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Business Administration, Management, and Operations | Political Economy


Louis D. Johnston, Economics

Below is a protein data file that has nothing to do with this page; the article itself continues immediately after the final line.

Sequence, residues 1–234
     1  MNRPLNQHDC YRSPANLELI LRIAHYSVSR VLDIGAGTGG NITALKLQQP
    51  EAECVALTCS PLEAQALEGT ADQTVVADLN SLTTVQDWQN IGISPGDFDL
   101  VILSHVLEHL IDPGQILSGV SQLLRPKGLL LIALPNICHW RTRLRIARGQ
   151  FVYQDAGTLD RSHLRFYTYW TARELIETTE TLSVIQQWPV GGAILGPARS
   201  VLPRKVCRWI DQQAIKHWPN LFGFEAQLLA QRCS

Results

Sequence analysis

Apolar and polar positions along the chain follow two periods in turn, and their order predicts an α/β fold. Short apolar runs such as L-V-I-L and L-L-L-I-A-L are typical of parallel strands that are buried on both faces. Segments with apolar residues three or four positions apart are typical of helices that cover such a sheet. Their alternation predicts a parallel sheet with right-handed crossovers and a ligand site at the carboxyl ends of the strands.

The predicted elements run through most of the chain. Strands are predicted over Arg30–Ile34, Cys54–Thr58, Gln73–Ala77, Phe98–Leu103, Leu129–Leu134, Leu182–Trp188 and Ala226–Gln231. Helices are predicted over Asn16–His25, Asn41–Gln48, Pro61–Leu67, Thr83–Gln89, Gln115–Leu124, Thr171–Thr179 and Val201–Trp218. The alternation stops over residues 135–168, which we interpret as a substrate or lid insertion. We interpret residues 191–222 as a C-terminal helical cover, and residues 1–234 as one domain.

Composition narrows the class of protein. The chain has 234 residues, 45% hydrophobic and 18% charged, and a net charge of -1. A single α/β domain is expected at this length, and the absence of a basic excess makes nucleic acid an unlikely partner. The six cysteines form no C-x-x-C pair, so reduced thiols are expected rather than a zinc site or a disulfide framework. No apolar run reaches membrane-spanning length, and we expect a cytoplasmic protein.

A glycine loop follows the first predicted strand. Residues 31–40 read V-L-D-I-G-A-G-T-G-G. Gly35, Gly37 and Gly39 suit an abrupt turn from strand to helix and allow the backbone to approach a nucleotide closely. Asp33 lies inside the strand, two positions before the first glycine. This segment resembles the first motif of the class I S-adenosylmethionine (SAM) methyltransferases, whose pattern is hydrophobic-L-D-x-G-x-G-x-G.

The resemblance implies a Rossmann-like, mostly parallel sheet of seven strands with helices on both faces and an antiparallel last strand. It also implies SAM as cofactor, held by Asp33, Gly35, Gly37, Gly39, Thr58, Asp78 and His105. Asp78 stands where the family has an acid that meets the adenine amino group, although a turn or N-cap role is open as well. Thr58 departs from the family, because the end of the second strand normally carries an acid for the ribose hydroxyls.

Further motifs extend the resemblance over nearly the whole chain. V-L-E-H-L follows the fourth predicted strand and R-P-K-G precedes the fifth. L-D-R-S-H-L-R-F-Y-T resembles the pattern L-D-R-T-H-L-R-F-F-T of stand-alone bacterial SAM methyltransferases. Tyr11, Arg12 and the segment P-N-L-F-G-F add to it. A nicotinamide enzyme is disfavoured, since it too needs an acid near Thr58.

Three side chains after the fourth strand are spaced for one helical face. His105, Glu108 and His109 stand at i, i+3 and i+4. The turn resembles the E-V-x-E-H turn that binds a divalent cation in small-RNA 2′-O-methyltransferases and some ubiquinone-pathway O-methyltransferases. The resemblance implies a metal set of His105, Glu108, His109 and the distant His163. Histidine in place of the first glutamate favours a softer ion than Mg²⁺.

This paper explores the state of the skill premium between skilled and unskilled labor in light of new forms of automation entering the workforce from 2008-2017. I build off the work started by Goldin and Katz in their book, The Race Between Education and Technology, answering the question: is demand for skilled labor currently outpacing the supply of skilled labor due to new forms of automation? I start with a historical review of the race between demand and supply of skilled labor, along with a study of policy influences on skilled labor supply. I then examine the literature currently published on automation to see if recent trends show demand for skilled labor increasing or not. I use data from the Bureau of Labor Statistics Current Population Survey to investigate whether current skill premiums have grown, diminished, or remained stagnant compared to the 2000 Census data where Goldin and Katz ended. The trends from this data is then forecasted out to 2020, 2025, 2030, and 2040 to see what current trends would augur for future skill premium levels. Trends points toward the skill premium for skilled labor increasing, contingent on the elasticity of substitution between skilled and unskilled labor. These findings would suggest that the American education system will need to explore supply side policies to keep skill premiums from sky-rocketing and income inequality in check.